A rare footballfish washed ashore in Newport Beach, California over the weekend, only to be discovered by a surprised local beachgoer.
Ben Estes was shocked to discover the “rare find” at Crystal Cove State Park on Saturday before he alerted state park rangers and lifeguards to the “weird-looking fish”.
Davey’s Locker Sportfishing and Whale Watching said in a post on Facebook that the critter has been identified as a deep-sea Pacific Footballfish.
Photographs of the fish show the “prehistoric” and “nightmarish” looking specimen, which is jet black in colour with a round body and intimidating jaws.
According to the local boat touring company, the unique fish is a species of anglerfish that normally reside in depths of more than 3,000 ft below the surface.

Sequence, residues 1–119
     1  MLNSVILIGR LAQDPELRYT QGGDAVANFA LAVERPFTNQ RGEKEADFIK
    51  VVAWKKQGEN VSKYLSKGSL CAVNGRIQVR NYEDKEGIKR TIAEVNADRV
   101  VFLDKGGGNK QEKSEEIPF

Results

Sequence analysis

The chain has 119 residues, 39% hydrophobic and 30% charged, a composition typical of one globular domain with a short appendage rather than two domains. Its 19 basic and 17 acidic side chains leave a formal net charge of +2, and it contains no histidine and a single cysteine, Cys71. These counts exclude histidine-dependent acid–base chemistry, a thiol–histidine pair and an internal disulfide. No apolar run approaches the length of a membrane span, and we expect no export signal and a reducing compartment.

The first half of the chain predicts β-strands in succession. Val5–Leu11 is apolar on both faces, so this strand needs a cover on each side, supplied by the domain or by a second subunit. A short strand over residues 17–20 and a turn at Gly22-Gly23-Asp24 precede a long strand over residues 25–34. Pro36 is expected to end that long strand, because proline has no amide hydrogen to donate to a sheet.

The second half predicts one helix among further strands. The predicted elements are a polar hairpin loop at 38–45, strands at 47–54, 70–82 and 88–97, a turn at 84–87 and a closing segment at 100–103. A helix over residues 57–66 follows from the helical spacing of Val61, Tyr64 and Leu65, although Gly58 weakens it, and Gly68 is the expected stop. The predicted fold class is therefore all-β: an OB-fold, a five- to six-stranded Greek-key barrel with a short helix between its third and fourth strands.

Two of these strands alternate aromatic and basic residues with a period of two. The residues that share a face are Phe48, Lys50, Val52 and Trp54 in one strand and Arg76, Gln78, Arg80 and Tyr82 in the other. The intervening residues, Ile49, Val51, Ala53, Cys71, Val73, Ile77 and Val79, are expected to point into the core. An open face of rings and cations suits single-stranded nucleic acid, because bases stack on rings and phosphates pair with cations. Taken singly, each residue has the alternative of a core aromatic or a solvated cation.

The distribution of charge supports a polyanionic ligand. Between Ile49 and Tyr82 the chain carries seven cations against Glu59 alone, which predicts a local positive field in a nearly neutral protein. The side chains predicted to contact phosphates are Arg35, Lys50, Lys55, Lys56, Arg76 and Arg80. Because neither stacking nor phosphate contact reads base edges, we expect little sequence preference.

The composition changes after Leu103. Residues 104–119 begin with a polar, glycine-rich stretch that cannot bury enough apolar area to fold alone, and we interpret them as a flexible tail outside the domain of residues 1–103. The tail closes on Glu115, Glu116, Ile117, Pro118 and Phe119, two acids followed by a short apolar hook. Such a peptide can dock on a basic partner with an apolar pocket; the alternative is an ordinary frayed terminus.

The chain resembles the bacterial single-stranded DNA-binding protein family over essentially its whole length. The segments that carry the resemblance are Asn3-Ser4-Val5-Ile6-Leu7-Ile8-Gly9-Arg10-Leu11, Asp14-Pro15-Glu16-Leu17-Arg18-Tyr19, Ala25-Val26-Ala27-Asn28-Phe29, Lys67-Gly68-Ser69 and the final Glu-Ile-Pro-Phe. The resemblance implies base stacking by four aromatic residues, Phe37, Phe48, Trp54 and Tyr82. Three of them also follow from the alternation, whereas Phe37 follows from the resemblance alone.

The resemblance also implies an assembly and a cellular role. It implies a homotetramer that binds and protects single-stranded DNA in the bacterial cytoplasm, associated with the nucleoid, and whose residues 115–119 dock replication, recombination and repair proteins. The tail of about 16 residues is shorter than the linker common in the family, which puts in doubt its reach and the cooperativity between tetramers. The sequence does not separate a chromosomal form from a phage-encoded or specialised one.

The species also has a “fleshy long dorsal fin, called an illicium” which hangs down over its mouth and a “phosphorescent bulb” to attract unwitting prey into its grasp in dark depths.
Some social media users drew comparisons between the fish and an animated anglerfish foe seen in the film Finding Nemo.
“It’s one of more than 300 living species of anglerfish from around the world,” they said in a statement.
They explained that while the fish itself is not particularly rare, it is “extremely” rare to find such a species “intact along a beach in southern CA.”
The football-shaped fiend is currently being held by the CA Department of Fish & Wildlife but will likely end up on display in a museum or other such institution, the post said.
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